Round 2 was “Vaumicel Manor” from D-Day with a German counter-attack against US troops moving off Omaha beach. My plan was to do the same as in the first round, but my attack never got going and aggressive play by my opponent pushed me back. My tanks were ineffective, my infantry took heavy casualties and I went down 3:6. Ouch!
The final round took me to the Pacific and Guadalcanal in late October 1942. “Matanikau River” has Japanese forces attacking US Marines across the eponymous river in jungle. My plan was to defend robustly, hoping my artillery would do plenty of damage. However, my opponent punched through the centre and was able to get his tanks off the board, despite enfilading fire from my guns, and win 4:6.
With two losses out of three, I was not surprised to learn I was only the fifth best Allied player, so my last round was the playoff for… ninth place! This scenario was “Counter-attack at Arras.” From May 1940, the scenario has British Expeditionary Force troops trying to force back the blitzkrieg – the German forces being led by none other than Erwin Rommel! This looks like a loss for the British as they are outnumbered – and their armour isn’t as good.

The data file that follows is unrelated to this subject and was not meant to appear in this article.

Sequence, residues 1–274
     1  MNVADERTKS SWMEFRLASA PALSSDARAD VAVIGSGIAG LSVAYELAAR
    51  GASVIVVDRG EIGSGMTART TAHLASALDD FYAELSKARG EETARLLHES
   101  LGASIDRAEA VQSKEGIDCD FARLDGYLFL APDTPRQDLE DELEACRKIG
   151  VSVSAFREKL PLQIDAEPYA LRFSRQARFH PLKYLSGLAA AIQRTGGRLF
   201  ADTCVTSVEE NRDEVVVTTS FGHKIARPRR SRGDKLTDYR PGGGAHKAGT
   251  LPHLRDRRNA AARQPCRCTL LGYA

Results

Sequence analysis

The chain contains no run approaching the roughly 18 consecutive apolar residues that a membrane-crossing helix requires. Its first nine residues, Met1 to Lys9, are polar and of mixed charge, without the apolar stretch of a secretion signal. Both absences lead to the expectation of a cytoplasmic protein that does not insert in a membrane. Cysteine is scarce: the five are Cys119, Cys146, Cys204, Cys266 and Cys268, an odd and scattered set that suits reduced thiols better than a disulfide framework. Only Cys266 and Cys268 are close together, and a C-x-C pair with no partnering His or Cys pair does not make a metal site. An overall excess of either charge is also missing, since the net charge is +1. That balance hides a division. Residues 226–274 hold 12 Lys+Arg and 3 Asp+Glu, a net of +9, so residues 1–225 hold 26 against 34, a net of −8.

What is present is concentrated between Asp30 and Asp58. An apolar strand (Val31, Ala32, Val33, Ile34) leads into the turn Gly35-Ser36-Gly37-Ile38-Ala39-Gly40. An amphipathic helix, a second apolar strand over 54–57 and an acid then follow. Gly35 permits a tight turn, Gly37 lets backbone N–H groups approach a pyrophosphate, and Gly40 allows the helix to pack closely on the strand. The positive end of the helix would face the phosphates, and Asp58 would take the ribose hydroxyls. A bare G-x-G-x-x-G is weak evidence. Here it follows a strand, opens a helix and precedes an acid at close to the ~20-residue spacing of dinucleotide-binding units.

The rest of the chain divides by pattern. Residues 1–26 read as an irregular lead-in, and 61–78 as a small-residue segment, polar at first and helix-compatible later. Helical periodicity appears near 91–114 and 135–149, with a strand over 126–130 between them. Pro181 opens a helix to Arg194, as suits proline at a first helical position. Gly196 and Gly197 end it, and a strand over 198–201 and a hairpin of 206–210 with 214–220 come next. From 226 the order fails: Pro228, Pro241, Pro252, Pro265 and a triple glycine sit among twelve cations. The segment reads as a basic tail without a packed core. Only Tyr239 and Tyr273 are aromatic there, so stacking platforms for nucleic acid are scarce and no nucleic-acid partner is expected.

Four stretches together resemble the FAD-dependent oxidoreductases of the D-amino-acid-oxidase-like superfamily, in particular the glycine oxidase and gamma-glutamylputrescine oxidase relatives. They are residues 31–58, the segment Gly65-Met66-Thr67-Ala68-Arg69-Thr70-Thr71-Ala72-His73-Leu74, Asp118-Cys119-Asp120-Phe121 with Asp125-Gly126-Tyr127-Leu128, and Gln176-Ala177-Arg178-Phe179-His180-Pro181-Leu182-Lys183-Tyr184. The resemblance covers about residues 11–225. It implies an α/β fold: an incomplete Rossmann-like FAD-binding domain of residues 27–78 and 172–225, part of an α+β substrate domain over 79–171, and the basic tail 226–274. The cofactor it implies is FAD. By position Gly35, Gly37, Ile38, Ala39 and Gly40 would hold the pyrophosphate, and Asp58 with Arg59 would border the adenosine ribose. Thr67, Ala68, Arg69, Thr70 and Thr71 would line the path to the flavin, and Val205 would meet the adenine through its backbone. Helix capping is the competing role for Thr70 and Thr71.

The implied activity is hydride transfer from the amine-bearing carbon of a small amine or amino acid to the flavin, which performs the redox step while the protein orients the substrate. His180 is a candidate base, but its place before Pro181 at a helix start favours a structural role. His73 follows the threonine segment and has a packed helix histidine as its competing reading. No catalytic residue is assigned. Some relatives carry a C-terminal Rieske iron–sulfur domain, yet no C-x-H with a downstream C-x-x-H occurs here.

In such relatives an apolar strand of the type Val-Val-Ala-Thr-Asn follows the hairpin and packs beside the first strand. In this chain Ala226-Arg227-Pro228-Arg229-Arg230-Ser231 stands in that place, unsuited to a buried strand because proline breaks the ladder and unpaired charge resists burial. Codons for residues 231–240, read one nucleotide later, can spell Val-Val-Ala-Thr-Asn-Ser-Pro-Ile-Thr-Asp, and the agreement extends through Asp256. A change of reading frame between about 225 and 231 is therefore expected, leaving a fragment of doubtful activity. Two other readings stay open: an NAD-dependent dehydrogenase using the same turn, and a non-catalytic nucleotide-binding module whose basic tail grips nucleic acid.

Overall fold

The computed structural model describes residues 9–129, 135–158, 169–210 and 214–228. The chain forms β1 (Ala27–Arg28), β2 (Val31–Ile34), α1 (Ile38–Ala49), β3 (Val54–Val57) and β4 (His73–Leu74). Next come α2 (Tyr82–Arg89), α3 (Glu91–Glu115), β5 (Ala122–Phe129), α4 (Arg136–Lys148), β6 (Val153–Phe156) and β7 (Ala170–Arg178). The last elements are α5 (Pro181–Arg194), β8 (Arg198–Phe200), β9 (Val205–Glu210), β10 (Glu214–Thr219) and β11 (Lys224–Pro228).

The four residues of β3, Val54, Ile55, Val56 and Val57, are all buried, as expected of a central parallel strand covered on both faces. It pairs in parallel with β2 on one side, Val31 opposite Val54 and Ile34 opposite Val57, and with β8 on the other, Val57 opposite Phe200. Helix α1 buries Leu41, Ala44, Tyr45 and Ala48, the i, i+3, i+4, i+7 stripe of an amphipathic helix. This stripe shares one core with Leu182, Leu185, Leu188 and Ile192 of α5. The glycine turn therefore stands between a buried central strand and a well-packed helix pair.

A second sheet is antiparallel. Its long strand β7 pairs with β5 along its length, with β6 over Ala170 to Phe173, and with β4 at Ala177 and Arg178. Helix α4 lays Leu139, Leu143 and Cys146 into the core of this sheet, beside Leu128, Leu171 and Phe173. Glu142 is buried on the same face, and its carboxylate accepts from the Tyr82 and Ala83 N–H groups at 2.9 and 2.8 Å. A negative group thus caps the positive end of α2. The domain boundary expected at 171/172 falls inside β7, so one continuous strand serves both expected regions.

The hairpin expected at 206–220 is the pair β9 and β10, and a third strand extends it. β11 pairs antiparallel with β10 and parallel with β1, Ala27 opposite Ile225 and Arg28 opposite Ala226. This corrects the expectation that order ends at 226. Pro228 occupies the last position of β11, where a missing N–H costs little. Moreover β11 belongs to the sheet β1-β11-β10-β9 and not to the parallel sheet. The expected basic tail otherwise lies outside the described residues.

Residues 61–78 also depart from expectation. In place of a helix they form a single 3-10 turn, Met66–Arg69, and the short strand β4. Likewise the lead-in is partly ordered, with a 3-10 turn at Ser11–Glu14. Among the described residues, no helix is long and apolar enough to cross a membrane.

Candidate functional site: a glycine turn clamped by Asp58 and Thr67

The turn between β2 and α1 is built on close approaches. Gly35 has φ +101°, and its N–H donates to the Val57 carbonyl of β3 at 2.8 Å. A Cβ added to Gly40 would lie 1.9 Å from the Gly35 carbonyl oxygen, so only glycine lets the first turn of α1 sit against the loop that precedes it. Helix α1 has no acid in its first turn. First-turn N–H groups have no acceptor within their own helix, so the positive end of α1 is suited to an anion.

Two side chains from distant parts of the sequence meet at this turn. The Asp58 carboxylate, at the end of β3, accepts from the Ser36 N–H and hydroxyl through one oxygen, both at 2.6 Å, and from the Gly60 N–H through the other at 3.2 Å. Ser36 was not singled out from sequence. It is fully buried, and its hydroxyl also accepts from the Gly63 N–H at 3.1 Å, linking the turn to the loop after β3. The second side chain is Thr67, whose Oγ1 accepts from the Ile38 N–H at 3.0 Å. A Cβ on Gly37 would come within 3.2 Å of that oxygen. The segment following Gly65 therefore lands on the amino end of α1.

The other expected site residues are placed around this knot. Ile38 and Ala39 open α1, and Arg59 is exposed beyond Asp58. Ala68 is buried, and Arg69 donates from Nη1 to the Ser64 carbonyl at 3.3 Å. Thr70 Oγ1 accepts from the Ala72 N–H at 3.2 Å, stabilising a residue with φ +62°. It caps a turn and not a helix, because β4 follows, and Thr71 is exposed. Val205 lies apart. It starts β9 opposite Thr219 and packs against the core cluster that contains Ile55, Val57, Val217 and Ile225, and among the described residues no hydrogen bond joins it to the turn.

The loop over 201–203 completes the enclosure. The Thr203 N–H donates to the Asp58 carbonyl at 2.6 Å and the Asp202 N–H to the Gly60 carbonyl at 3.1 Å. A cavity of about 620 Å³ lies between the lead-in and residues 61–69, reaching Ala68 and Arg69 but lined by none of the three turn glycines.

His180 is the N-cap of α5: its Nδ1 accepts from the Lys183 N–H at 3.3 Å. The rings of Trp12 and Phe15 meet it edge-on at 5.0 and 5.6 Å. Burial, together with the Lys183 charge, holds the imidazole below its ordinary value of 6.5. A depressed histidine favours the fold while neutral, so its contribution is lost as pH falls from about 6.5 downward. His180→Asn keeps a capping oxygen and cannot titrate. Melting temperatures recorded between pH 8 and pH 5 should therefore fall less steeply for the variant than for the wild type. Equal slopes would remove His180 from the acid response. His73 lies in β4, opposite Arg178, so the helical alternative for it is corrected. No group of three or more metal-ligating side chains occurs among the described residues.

I played as the Allies first and quickly took up defensive positions. This allowed me to hold off piecemeal attacks from my opponent and I hung on for a 6:4 win. Switching sides, I then blitzed a 6:2 win as the Axis by quickly moving up my tanks and pinning the British against the edge of the board. 12:6 on aggregate is a resounding win – shame it was only for ninth!
Meanwhile Reg and Colin were fighting it out on the top board. This was much closer. First, Colin won 6:5 as the Axis. The tense reverse scenario went 6:5 to Reg, making the aggregate 11:11. Figures eliminated was the tie-breaker and Reg got the win. Congratulations to him and many thanks to Barry Ingram who organised the tournament. As a Memoir ’44 fan, I find playing several different scenarios over the day great fun.